The vice presidency redux

Joe Biden, in a press conference and interview he has carried out over the past few days, has stated his intentions to redefine the role and the powers of the vice president from what it is now to something we haven’t seen in some 8 years. He wants to actually scale back the office at a time when most vice president-elects are looking with eager eyes on how to have the biggest impact. It’s near unprecedented, but certainly valid. And most definitely a good and proper thing to do. Vice President Dick Cheney, in taking office, intentionally sort to increase the role of the vice president from day one. He had a leading hand in policy making, in getting legislation through the Senate, in the directions that the administration took. He was dangerous in his role.

Biden is right to say, in the interview, that the team of Cheney and President Bush have failed. He is also right in saying

The only value of power is the effect, the efficacy of its use. And all the power Cheney had did not result in effective outcomes.

He’s right. By expanding his powers through Washington, Cheney should have been able to effect more positive and better outcomes and results. He didn’t. He has been part of a failure of eight years on all policy points. We know that Cheney was picked to boost experience on the ticket in the same way Biden was used to boost Barack Obama’s ticket with experience. But we will find that the capabilities and efficiency of the Presidents will drastically alter the way vice presidents act. Bush couldn’t control Cheney, had too much to do on his own and so let him do whatever. Bush was a partner in his presidency. With Obama and Biden, I expect we will find a president who is not only capable of the job, but able to do his job on his own. The ‘experience’ that Biden brings won’t be experience on getting things done in Washington, it will be as an adviser.

Another important point to come out of the interview is that Biden declared (though we all already assumed it) he has ‘no intention’ of running for president in 2016. He will be 74 years old then, so he is hoping that this is the ‘worthy capstone’ in his career. This alternatively means that Obama has a friend in D.C. who isn’t out to advance their own agenda or look to get personal political gain out of decisions and policies. This also ensures that he doesn’t turn into another Al Gore. Advise from Biden, we can expect, will be frank and honest. These advisory session will come in the form of weekly lunches between Obama and Biden (one of the preconditions that Biden laid down in accepting the #2 spot). Another precondition was that he and his staff be able to broadly contribute in various policy areas, instead of being pidgenholed to one or two. This works both ways – Biden gets to get in on what he sees he can contribute the most on; Obama doesn’t look like he is relying in his VP on 2 or 3 policy areas for direction.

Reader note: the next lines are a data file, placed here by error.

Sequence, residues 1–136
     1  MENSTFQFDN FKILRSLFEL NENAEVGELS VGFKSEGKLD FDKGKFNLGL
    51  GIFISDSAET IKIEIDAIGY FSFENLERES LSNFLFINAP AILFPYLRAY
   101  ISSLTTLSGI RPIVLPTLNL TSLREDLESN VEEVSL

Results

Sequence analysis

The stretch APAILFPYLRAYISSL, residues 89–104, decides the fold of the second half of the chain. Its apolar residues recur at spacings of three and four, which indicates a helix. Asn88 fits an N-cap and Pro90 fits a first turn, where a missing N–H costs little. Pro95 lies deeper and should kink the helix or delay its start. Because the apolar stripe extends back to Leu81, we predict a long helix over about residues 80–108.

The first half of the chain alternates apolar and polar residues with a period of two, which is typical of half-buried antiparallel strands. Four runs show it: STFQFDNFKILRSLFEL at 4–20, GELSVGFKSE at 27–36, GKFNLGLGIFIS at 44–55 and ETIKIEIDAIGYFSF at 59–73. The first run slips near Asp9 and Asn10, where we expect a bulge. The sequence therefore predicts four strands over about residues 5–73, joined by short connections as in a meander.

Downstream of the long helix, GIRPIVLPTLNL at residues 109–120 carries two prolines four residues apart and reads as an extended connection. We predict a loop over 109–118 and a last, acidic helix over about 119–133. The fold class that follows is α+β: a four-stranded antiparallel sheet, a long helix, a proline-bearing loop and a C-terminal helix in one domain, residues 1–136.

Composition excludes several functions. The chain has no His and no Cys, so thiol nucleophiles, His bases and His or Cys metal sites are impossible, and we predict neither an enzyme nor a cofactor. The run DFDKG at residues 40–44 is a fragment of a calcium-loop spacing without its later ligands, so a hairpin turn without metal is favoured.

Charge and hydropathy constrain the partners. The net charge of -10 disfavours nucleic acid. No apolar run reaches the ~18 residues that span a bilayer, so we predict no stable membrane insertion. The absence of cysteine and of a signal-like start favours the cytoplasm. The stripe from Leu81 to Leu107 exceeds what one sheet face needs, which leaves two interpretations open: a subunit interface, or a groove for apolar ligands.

I particularly liked this quote from David Axelrod – an Obama campaign founder and now senior adviser – who had this to say about Cheney:

Cheney essentially served the president as chief of staff

I suspect, as more and more gets into the public’s hands, that this will turn out to be an understatement, and that Cheney had more of a role than we suspected. I look forward to the next years not just for the Obama presidency, and the Biden vice presidency, but as bits and pieces come out about the Bush administration and what the heck was going on behind those doors. It will make for either the best comedy or the scariest horror story. But I have faith that with a Vice President Biden, the world will have a proper and honest vice president (the first in a long, long time), with a restored office and a true voice in Washington, D.C., to help Obama when he needs it.



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